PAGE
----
October 28, 2006 in Idaho

N. Idaho wilderness proposal gets push

By The Spokesman-Review
 

if you go

Wilderness advocate to speak

Wilderness historian Doug Scott will give a free public presentation in Spokane on Monday at 7 p.m. at Gonzaga University’s Cataldo Hall. He will also speak at 11 a.m. Sunday at the Scotchman Coffeehouse in Clark Fork, Idaho, and at 1 p.m. at the Hope Market Café in Hope, Idaho. Scott is visiting the region to increase support for the creation of an 88,000-acre Scotchman Peaks wilderness area east of Sandpoint.

In 1977, Doug Scott was hanged in effigy in central Idaho for his work to create the Gospel-Hump Wilderness. Burning beside him was a mannequin of the now-deceased Idaho senator, Frank Church.

Wilderness was a dirty word back then, said Scott, who has helped organize efforts behind the creation of “hundreds” of the nation’s 638 congressionally designated wilderness areas, including several in Idaho.

But times have mellowed, Scott said in an interview Thursday in Coeur d’Alene. He is here on a multi-city tour to promote the creation of a Scotchman Peaks wilderness, which would be the first wilderness area in North Idaho.

On Scott’s flight to Spokane from his home in Seattle, he flipped through an airline magazine and was amazed by the number of advertisements where wilderness is now being used as a selling point or scenic backdrop – tourism ads for Colorado and Idaho prominently display wilderness areas, he said. There was even an ad for a new real estate development near Sandpoint. The photo showed dark, undeveloped mountains towering above Lake Pend Oreille.

“Those are the Scotchmans,” Scott said, pointing at a copy of the ad. “Communities are starting to figure out that wilderness is darn good business.”

Scott, the policy director for the Campaign for America’s Wilderness, said a Scotchman Peaks wilderness is reaching the point of “near inevitability.” Political support is beginning to build, including recent endorsements from the all-Republican Bonner County commission.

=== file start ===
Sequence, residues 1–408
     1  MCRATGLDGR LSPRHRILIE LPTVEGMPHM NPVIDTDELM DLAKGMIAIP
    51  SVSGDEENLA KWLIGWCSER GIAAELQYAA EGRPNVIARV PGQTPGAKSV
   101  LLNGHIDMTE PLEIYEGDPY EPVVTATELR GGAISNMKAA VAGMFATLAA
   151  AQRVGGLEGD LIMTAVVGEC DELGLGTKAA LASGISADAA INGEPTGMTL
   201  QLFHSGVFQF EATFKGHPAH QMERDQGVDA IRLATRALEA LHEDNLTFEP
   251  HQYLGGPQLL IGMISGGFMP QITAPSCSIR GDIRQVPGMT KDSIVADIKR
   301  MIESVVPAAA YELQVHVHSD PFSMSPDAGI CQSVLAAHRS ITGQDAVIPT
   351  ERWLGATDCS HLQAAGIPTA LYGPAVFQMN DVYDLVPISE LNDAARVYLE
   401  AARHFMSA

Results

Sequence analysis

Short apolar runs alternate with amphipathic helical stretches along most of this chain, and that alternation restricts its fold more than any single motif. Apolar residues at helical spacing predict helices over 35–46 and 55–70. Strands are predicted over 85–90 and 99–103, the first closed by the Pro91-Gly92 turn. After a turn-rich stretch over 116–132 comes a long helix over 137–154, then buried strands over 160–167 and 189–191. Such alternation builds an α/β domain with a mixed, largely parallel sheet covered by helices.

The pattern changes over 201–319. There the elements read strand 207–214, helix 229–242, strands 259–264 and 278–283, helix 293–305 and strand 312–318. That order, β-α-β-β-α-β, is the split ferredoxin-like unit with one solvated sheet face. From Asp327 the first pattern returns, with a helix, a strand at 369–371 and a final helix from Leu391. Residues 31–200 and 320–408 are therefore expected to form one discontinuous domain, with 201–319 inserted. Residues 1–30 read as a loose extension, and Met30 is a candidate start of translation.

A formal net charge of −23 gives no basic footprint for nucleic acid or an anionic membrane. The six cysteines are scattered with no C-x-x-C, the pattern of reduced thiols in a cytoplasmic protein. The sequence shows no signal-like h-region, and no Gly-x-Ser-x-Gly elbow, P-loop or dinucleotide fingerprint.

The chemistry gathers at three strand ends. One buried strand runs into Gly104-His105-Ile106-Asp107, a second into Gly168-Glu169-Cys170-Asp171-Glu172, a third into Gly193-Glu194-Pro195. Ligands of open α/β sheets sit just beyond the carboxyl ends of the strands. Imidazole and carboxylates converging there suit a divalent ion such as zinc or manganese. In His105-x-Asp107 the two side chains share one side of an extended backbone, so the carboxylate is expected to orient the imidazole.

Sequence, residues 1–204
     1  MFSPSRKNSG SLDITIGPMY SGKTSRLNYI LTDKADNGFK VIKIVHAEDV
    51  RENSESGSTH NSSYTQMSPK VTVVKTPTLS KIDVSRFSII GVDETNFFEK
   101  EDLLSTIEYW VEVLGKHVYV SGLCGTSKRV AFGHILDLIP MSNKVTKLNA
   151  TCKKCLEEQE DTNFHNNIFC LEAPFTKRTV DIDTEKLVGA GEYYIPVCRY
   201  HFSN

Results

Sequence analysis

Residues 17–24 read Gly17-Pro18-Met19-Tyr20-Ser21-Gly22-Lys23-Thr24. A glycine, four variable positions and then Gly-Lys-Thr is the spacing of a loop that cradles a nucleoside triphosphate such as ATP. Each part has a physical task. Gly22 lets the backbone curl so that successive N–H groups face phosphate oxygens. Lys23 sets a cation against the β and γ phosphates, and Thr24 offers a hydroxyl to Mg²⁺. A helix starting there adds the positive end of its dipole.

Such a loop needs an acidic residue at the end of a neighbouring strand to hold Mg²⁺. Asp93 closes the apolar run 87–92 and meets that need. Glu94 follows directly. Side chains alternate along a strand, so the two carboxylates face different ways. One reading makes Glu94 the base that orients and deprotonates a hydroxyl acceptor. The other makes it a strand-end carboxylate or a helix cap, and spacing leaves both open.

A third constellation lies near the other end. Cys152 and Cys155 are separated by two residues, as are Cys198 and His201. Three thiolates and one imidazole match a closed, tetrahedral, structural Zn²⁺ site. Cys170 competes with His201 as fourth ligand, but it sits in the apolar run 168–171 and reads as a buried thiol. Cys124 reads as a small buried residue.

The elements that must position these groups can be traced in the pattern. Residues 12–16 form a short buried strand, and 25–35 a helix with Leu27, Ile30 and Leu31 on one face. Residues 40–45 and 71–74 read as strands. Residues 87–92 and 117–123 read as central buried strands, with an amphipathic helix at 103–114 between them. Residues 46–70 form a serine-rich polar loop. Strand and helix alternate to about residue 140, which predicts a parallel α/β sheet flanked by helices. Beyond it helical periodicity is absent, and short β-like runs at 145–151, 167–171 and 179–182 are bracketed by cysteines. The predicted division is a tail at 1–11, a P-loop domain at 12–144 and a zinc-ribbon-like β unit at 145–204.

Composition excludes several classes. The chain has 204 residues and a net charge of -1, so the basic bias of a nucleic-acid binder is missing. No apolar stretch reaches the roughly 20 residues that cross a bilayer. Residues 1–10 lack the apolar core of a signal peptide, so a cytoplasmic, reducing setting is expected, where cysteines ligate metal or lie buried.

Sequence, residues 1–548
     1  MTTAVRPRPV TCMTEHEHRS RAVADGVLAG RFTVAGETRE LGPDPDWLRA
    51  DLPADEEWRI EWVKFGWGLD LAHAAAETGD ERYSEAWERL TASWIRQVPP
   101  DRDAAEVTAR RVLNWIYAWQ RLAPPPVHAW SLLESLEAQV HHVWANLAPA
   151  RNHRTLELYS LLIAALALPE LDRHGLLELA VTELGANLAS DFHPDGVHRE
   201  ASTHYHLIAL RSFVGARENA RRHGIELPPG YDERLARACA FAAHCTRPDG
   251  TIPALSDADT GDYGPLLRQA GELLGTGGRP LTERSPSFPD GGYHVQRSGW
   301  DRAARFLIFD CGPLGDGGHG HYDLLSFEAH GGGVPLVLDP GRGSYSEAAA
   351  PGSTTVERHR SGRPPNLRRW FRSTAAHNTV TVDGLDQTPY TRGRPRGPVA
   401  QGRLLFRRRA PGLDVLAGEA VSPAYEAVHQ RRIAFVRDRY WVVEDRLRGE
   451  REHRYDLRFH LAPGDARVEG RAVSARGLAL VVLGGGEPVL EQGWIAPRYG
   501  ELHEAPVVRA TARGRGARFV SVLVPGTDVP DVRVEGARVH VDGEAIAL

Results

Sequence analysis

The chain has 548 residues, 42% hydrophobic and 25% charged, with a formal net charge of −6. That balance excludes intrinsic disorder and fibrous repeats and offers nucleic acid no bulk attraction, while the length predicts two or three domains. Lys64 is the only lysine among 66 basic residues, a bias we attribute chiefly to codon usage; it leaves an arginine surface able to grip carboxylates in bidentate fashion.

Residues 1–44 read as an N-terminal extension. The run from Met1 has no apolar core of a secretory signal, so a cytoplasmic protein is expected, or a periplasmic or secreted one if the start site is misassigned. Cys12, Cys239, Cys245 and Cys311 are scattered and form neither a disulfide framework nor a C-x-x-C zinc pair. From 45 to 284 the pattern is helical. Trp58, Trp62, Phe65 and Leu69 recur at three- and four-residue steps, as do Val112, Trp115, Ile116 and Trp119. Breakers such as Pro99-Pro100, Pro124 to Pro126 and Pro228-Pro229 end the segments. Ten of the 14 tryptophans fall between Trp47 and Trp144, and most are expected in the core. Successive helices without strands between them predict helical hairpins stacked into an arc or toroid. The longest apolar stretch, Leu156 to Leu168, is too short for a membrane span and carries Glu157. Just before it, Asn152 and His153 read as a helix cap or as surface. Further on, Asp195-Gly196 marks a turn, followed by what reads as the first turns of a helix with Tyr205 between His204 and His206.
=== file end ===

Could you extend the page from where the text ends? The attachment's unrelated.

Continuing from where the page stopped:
The steep, jagged mountain range straddles the Montana-Idaho border east of Sandpoint and has long been designated as “recommended wilderness” by the Idaho Panhandle National Forests. But the portion of the mountain range in Montana recently lost its recommended wilderness status by the Kootenai National Forest. The change is not yet permanent, however. Local groups, including the Friends of Scotchman Peaks Wilderness, have been working in recent months to build local support for action by Congress, which holds the keys to the creation of any new wilderness areas.

Although having the proposed wilderness in two states complicates things a bit, Scott said the Scotchmans would be a relatively “clean” wilderness to create. The area is steep enough to be virtually unreachable in most parts on snowmobiles and all-terrain vehicles, he said. Most of the debate would come to setting the specific boundaries, particularly in Lincoln County, Mont.

National politics has little to do with the creation of wilderness, Scott said. President Bush, he added, has been a supporter of most new wilderness areas. He has signed bills creating 10 new wilderness areas since taking office, including a 10,000-acre wilderness in Puerto Rico and the recent addition of a 275,000-acre wilderness in northern California, along the longest stretch of undeveloped coastline in the lower 48 states.

“They’ve tried to find reasons to be supportive of us, and not reluctantly, either,” Scott said of the Bush administration. “The fact that we’re still adding acres suggests it has a certain bedrock support with the American people.”

Speaking to a small crowd at North Idaho College on Thursday night, Scott said the U.S. now has 106,782,465 acres of designated wilderness, which accounts for 5 percent of the nation’s land mass. Nearly 8 percent of Idaho is wilderness. About 15 percent of Alaska and California carry the designation.

Apart from a handful of airfields and grazing permits, wilderness areas prohibit the use of motorized vehicles and commercial development. The act has been used to protect everything from 13 million-acre tracts in Alaska to a 3,700-acre swamp in New Jersey, just 26 miles from Times Square.

“It’s one of the four or five most significant conservation achievements in our history,” Scott said.

Many motorized sports advocates and the timber industry continue to oppose wilderness as putting harsh restrictions on how land may be used or managed. The idea of new wilderness remains highly unpopular in many rural Idaho communities, but Scott insisted this is changing.

He points to the state’s existing wilderness areas, including the Frank Church-River of No Return. The area was hugely controversial when it was set aside as wilderness in 1980, he said. Now it draws hunters, rafters, anglers and hikers from around the nation and world.

“You’d be hard-pressed to find too many people who’d say the Frank Church-River of No Return was a mistake,” Scott said.

He also noted that more and more politicians are latching on to the idea of wilderness as a way to leave a legacy. He spoke with Frank Church when the senator was on his deathbed, shortly after his name was added to the wilderness area.

“I know how deeply thrilled he was by that,” Scott said. “It meant more than all the post offices he helped build.”


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